School-aged children who spend more time in front of screens are only slightly more likely to have attention disorders, disturbed sleep or lower grades and are no more likely to suffer from depression and anxiety, stated one of the largest studies on the impact of screen time on youth. The research was published in the journal PLOS ONE, and it revealed a potential benefit of the oft-maligned devices. It stated that kids who spend more time with screens had more close friends.
As per ANI, lead author Katie Paulich, a PhD student in the Department of Psychology and Neuroscience, “These findings suggest that we should be mindful of screens, but that screen time is likely not inherently harmful to our youth.” Paulich and her colleagues at the Institute for Behavioral Genetics utilised the data from the ongoing Adolescent Brain and Cognitive Development Study. It is also the most extensive long-term study determining child health and brain development ever conducted in the United States.
The researchers analysed the information from a diverse national US sample of at least 11,800 kids between nine and ten. It also included the questionnaires about screen time, parental reports of behavioural issues and grades, and mental health assessments. The researchers even stated that the boys spent around 45 minutes more every day in front of the screens than the girls. The study implied that boys topped out at nearly five hours daily on weekends and four hours on weekdays.
The study also said that boys and girls used screens differently as the boys spend twice as much time with video games. Meanwhile, girls spent more time engaging with social media. Notably, the data analysed in the study were collected before the COVID-19 pandemic rocked the world and hence, it did not include the screen time associated with homework or online schooling. Since the pandemic hit the countries across the globe, the world shifted to remote working and further marked an uptick of hours that children sat in front of the screens for education.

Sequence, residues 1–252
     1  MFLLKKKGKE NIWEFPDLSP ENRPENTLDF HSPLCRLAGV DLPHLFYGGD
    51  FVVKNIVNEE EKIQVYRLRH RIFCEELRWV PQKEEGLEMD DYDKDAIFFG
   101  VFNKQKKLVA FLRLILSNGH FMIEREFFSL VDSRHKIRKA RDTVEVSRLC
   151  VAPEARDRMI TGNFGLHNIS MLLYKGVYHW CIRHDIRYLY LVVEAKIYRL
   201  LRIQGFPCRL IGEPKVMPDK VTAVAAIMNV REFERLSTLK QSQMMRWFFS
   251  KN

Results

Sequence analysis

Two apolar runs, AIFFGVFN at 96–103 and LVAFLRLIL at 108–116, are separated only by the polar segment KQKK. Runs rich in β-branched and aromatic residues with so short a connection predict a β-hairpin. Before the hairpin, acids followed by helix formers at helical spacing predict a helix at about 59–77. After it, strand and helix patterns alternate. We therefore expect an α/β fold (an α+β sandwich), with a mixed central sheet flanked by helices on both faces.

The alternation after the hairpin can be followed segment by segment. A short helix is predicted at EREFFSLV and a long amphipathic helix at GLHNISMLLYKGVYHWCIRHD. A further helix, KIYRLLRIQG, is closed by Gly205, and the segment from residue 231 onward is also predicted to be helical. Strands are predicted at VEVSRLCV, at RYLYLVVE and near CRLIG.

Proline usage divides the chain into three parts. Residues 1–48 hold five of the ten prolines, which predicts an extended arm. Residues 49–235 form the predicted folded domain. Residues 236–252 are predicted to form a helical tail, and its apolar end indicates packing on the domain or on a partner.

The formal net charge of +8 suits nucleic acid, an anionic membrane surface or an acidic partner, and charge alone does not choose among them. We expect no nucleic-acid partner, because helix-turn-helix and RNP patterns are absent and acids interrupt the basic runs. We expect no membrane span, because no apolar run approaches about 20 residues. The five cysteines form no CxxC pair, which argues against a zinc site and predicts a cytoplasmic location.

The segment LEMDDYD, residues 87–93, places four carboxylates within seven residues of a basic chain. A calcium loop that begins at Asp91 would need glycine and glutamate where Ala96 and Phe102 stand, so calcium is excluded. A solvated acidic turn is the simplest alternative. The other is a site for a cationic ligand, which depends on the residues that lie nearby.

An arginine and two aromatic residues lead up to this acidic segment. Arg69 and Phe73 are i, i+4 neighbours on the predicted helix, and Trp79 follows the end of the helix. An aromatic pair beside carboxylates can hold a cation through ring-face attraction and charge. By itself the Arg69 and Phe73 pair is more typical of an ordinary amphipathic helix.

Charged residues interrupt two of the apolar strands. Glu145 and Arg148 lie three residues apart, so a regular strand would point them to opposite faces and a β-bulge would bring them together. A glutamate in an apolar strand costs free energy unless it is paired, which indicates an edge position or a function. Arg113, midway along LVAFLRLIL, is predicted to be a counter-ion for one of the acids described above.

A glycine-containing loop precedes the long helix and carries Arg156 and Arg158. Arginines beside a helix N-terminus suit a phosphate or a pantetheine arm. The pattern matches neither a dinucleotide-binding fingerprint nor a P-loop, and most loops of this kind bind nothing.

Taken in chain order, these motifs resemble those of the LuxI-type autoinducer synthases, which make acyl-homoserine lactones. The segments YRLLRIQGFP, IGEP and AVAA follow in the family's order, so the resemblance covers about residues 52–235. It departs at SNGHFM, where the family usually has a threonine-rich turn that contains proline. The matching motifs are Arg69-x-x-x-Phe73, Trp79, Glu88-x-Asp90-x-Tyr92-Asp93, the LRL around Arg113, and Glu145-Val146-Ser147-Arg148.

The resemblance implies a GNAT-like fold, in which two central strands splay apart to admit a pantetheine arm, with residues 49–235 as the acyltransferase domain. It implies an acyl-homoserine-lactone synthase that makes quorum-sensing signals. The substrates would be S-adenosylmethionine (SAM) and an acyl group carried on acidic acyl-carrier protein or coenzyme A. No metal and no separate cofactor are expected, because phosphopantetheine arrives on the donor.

Similar to the previous smaller studies, the study found that children who spent more time in front of screens tended to sleep worse or get lower grades, show more ‘externalising' behaviours such as ADHD, Conduct Disorder and Oppositional Defiant Disorder. However, the experts said that compared to other factors that shape the youth's life, the influence of screen time was not significant. For instance, a child’s socioeconomic status had a 2.5 times greater impact on such behavioural outcomes and of all the influences assessed, the screen time accounted for only 2% of the variation between kids in the results measured.
"A number of papers in recent years have suggested that screen time might be harmful to children, but there have also been some reviews that suggest those negative effects have been overestimated," said senior author John Hewitt, director of the Institute for Behavioral Genetics.
"Using this extensive data set, we found that yes, there are relationships between screen time and negative outcomes, but they are not large and not dire,” Hewitt added.